RIETE Score For Bleeding Risk In Pulmonary Embolism

Determines bleeding risk in patients diagnosed with pulmonary embolism before anticoagulation therapy is initiated.

In the text below the calculator there is more information about the score and about the original study.


The RIETE score determines the risk of major bleeding in patients diagnosed with acute venous thromboembolism, DVT or PE.

The score can help clinicians weigh the benefits and drawbacks of starting the patient on anti-coagulation therapy with warfarin or other agents.


The RIETE score results from summing the points from the criteria that are present in the patient’s evaluation and ranges between 0 (no criteria) to 8 (all criteria).

The following table summarises the result interpretation, in terms of risk of major bleeding.

Score Risk level Major bleeding %
0 Low 0.1
1 Moderate 1.4
1.5 - 2 2.2
2.5 - 3 4.4
3.5 - 4 4.2
4.5 - 5 High 4.9
5.5 - 6 11
>6 20

1

Recent major bleeding

2

Anemia present (Hb <13 g/dL male, Hb <12 g/dL female)

3

Creatinine >1.2 mg/dL

4

Malignancy

5

Clinically overt PE

6

Age >75

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The scoring method explained

Patients suffering from pulmonary embolism or deep venous thrombosis (DVT) are required to be anticoagulated.

This is a bleeding risk stratification tool aimed at being used in the evaluation of patients diagnosed with acute venous thromboembolism events, before anticoagulant therapy like warfarin is being initiated.

The six criteria evaluated are introduced below with the number of points awarded if positive:

■ Recent major bleeding (2);

■ Anemia present (Hb <13 g/dL male, Hb <12 g/dL female) (1.5);

■ Creatinine >1.2 mg/dL (1.50);

■ Malignancy (1);

■ Clinically overt PE (1);

■ Age >75 (1).

 

Interpreting the result

The RIETE score distinguishes between three classes of risk: low, moderate and high. Each possible score is associated with a risk percentage of major bleeding.

Score Risk level Major bleeding %
0 Low 0.1
1 Moderate 1.4
1.5 - 2 2.2
2.5 - 3 4.4
3.5 - 4 4.2
4.5 - 5 High 4.9
5.5 - 6 11
>6 20

Anticoagulation treatment is the preferred management of pulmonary embolism, however, before initiation of therapy, individual bleeding risk needs to be evaluated.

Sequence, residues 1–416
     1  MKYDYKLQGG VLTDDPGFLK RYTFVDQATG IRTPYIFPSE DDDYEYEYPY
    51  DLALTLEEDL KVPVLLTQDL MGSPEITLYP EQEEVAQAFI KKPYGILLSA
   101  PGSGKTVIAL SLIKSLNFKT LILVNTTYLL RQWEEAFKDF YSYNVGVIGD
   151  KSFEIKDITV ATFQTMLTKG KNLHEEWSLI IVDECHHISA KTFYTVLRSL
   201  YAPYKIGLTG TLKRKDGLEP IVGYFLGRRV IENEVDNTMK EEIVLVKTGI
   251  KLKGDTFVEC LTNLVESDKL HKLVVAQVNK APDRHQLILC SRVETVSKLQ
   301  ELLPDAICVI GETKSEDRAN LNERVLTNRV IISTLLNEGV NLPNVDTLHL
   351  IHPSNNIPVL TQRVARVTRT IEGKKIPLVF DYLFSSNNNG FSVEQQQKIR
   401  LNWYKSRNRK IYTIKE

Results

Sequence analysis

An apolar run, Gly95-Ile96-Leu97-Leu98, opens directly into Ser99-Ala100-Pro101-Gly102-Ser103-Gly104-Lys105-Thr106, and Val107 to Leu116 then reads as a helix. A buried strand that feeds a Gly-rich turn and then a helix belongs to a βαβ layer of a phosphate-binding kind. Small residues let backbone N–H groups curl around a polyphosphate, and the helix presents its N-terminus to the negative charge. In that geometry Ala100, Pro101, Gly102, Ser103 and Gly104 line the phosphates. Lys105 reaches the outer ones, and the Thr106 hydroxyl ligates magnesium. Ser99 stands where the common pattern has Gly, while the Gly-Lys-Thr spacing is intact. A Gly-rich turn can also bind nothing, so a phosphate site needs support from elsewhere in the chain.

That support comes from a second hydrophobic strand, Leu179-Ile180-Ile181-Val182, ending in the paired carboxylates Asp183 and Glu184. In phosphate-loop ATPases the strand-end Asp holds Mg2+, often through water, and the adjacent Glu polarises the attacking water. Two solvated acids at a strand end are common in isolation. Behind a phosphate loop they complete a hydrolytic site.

In high risk cases, anticoagulation therapy is not an option and should be replaced with thrombolytic therapy. However, this practice is still recent and has not accrued enough statistic evidence that it improves survival, as compared to conventional anticoagulation.

 

About the study

Data from RIETE, an ongoing registry of consecutive patients with acute venous thromboembolism (VTE) was used in 2008 by Ruíz-Giménez et al. to compose a score to predict the risk for major bleeding within three months of anticoagulant therapy.

A cohort of 19,274 patients was enrolled, 13,057 in the derivation sample and 6,572 in the validation sample.

On multivariate analysis, age >75 years, recent bleeding, cancer, creatinine levels >1.2 mg/dl, anemia, or pulmonary embolism at baseline were found to have independent predictive value for major bleeding risk. The scores have been assigned mortality risk percentages.

The score has also been internally validated. The RIETE score can accurately determine the risk of major bleeding during anticoagulant therapy, however external validation has yet to take place.

 

Major hemorrhage

Major bleeding is defined in this context as overt bleeding and one of the following criteria:

■ Required transfusion of 2+ units of blood;

■ Retroperitoneal, spinal or intracranial;

■ Fatal.

This is often associated with a decline in hemoglobin concentration of at least 20 g/L.

It is important to recognize the signs of internal bleeding:

■ Bleeding from body openings such as mouth, nose or ear;

■ Vomiting blood;

■ Hemoptysis (coughing blood);

■ Cold, clammy skin;

■ Tender/ swollen stomach;

■ Pallor;

■ Sweating;

■ Bruising;

■ Dehydration;

■ Shock, weak pulse.

 

Original source

Ruíz-Giménez N, Suárez C, González R, Nieto JA, Todolí JA, Samperiz AL, Monreal M; RIETE Investigators. Predictive variables for major bleeding events in patients presenting with documented acute venous thromboembolism. Findings from the RIETE Registry.Thromb Haemost. 2008; 100(1): 26-31.

Validation

Guijarro R, Montes J, Sanromán C, Monreal M; RIETE Investigators. Venous thromboembolism in Spain. Comparison between an administrative database and the RIETE registry. Eur J Intern Med. 2008;19(6):443-6.

Other references

1. Monreal M, Suárez C, Fajardo JA, Barba R, Uresandi F, Valle R, Rondón P; RIETE investigators. Management of patients with acute venous thromboembolism: findings from the RIETE registry. Pathophysiol Haemost Thromb. 2004; 33(5-6):330-4.

2. Trujillo-Santos J, Prandoni P, Rivron-Guillot K, Román P, Sánchez R, Tiberio G, Monreal M; RIETE Investigators. Clinical outcome in patients with venous thromboembolism and hidden cancer: findings from the RIETE Registry. J Thromb Haemost. 2008; 6(2):251-5.

3. Laporte S, Mismetti P, Décousus H, Uresandi F, Otero R, Lobo JL, Monreal M; RIETE Investigators. Clinical predictors for fatal pulmonary embolism in 15,520 patients with venous thromboembolism: findings from the Registro Informatizado de la Enfermedad TromboEmbolica venosa (RIETE) Registry. Circulation. 2008; 117(13):1711-6.


App Version: 1.0.1

Coded By: MDApp

Specialty: Pulmonology

System: Respiratory

Objective: Risk Prediction

Type: Score

No. Of Items: 6

Year Of Study: 2008

Article By: Denise Nedea

Published On: June 24, 2017 · 09:59 AM

Last Checked: June 24, 2017

Next Review: June 24, 2018